The Concept of Competition in Economic Theory
Danguolė Klimašauskienė
Vilniaus universiteto Ekonomikos fakulteto Teorinės ekonomikos katedra
Published 2007-12-01

How to Cite

Klimašauskienė D. (2007) “The Concept of Competition in Economic Theory”, Ekonomika, 79, pp. 109–123. doi: 10.15388/Ekon.2007.17626.


The article addresses two problems surrounding the interpretation and implementation of competition policy - what is competition and how competition policy must be designed to protect competition in order to ensure its benefits to society. The concept of competition is central to economic theory, but its scope and meaning as well as the ways in which competition is perceived to work and contribute to economic development have been the subject of vigorous debate among theorists, policymakers, bureaucrats and business people. Indeed, the history of economic thought provides some deeply contrasting views about the meaning of competition. Amongst them, the concept of perfect competition has survived as the standard model for analysis and has had a profound influence on policymaking concerned with the regulation of competition. However, the notion of this form of competition is very different from the concept envisaged by classical economists such as Adam Smith. He and other classical economists regarded competition as a description of competitive behaviour, especially with respect to prices. Viewed in this way, competition acts as a force that would, in the long run, eliminate excessive profits and unsatisfied demand. Participants in the market would change price in response to market conditions principally through the process of rivalry. The contemporary Austrian school of thought and the economists influenced by it have been redefining the concept along classical lines, although with a much greater emphasis on invention, innovation, and technological process.

Whereas classical economists thought competition to be primarily a behavioral term, the subsequent course of events turned it into a description of a particular market structure. Beginning from the 1920s, mathematical economists developed the so-called perfect competition model which it replaced the older theory. To economists, competition no longer meant rivalry and enterprise. Instead, it meant the equation of price and marginal cost. Most important, it meant that there must be many firms in non-concentrated industries. Once economists began to define competition in terms of market structure, they became more and more enamored with antitrust regulation as a way of forcing the business world to conform to their admittedly unrealistic theory of competition.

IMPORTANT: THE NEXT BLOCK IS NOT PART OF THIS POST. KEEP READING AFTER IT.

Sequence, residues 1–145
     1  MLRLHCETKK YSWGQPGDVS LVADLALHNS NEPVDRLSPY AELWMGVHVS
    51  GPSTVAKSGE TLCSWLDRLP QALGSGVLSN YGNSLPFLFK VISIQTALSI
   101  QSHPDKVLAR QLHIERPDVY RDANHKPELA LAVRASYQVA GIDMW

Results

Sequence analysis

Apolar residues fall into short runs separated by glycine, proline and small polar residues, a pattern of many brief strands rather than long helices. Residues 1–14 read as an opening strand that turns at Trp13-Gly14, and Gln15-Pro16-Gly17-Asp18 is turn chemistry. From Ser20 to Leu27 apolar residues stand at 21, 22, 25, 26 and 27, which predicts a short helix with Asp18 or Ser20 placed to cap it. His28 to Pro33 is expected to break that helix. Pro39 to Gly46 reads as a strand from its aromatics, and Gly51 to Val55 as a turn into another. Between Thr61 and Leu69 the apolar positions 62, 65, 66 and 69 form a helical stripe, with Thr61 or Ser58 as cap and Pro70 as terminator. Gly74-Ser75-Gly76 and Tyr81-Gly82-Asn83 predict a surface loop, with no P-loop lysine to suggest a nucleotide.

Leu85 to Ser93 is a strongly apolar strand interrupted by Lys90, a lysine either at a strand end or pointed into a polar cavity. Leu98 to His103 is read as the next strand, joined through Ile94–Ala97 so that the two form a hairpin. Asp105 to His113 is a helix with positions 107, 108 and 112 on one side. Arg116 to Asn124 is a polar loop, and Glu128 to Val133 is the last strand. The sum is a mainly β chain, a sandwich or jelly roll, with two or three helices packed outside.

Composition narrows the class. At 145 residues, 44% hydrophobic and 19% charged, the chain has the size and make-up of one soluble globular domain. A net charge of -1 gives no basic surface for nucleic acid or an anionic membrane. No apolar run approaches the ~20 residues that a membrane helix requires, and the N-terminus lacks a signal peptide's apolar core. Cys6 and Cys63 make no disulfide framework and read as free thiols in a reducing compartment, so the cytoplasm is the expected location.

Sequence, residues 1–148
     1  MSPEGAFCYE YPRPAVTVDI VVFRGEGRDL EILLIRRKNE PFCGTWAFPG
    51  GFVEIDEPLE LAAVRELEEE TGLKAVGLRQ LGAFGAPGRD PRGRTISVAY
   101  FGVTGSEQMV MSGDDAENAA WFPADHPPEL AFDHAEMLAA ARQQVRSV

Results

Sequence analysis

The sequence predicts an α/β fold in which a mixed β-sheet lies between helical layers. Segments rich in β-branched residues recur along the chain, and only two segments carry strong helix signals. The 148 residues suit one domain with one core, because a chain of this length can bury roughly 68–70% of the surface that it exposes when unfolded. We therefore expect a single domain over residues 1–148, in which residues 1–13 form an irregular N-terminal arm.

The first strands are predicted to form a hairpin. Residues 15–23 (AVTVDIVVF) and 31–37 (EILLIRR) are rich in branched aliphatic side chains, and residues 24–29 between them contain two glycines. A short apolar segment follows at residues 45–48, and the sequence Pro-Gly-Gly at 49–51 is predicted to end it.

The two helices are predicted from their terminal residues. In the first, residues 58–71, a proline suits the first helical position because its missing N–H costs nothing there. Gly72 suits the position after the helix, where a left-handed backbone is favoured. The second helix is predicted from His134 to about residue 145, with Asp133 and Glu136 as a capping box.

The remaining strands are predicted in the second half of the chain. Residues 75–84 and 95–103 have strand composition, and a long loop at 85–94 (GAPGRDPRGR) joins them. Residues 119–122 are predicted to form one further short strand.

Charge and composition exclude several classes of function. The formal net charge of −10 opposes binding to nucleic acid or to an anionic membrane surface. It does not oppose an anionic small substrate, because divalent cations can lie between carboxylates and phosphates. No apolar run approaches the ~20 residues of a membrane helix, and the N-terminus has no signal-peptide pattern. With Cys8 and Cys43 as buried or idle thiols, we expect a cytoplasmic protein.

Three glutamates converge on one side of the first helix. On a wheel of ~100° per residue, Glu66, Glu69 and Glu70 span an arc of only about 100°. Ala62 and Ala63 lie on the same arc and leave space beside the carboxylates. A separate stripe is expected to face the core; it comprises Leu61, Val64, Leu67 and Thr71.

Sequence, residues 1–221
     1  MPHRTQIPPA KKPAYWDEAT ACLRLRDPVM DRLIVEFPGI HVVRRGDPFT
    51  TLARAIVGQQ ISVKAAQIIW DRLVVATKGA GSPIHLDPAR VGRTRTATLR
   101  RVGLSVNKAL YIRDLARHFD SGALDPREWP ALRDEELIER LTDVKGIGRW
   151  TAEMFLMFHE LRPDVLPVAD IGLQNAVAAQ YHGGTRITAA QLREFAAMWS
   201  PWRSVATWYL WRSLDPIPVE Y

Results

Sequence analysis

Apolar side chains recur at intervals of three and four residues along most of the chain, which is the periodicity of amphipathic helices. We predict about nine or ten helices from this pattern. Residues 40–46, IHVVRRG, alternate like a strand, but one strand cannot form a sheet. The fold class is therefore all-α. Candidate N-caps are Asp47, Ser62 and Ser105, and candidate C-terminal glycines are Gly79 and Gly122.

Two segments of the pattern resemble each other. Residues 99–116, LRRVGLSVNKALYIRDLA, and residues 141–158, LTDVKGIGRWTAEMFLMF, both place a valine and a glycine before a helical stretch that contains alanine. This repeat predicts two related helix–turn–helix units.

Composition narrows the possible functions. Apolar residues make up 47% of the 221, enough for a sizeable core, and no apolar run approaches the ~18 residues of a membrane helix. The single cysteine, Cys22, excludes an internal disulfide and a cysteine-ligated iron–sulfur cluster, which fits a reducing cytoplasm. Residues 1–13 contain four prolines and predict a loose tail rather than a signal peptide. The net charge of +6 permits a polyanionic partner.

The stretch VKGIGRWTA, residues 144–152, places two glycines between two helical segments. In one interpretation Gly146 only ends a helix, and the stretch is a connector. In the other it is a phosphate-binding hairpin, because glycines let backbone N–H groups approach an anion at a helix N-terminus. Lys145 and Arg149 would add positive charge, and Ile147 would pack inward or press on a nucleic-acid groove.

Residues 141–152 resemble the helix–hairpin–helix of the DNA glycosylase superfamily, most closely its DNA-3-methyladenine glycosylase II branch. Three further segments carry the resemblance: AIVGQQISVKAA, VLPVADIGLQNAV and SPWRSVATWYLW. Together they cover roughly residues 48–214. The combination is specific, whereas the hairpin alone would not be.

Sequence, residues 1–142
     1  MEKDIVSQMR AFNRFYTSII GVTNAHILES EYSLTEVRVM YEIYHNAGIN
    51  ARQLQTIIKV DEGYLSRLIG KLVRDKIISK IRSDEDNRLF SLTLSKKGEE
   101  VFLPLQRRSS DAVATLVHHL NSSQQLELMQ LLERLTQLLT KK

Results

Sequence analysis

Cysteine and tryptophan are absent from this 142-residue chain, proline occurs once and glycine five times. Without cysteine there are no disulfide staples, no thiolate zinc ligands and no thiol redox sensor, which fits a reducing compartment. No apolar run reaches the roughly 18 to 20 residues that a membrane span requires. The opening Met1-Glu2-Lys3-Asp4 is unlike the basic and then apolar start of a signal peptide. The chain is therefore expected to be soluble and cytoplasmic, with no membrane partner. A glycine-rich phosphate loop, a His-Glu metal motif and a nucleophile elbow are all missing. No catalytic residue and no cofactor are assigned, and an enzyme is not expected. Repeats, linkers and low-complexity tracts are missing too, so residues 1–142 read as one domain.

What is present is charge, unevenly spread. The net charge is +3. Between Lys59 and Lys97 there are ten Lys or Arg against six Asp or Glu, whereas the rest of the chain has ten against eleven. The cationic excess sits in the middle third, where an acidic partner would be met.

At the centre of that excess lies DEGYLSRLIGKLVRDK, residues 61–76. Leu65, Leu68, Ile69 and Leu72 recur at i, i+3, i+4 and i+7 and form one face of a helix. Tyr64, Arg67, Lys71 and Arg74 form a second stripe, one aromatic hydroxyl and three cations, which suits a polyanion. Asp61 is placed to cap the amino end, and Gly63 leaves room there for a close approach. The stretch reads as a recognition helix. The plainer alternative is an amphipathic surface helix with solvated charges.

The two definitions of competition have drastically different implications about the welfare consequences of monopoly and perfect competition. The notions of competition as a market structure and competition as a dynamic process are not only descriptive but normative as well. That is, they do not merely describe the nature of competition; they inform us that competition is socially beneficial, although in different ways. Competitive markets are socially preferable to other kinds of markets in terms of allocative and productive efficiency. On the other hand, neo-Austrians believe that their kind of competition is also socially desirable, because it promotes efficiency and social welfare. Since competition is a process, it can lead to a variety of market structures that can give efficient outcomes. It will only generate a competitive or atomistic market structure where market conditions and production process favour the operation of very small, efficient firms. Alternatively, production efficiency may have a scale dimension and require large firms, so that the highly concentrated industry can also be associated with efficiency. Successful innovations produce a greater social surplus, even if they result in the displacement of competitive markets by monopolistic markets. Tradeoff between static and dynamic welfare considerations is implicit in the competing notions of competition.

The possibility of socially beneficial monopolistic markets carries significant implications for government policy. If one views competition largely as a structure, the government should be duly concerned about and attempt to influence the market structure. If one views competition largely as a dynamic process, the case for government interest in and interference with market structures is much weaker. More generally, a sound antitrust policy will have to take into account both static and dynamic considerations.

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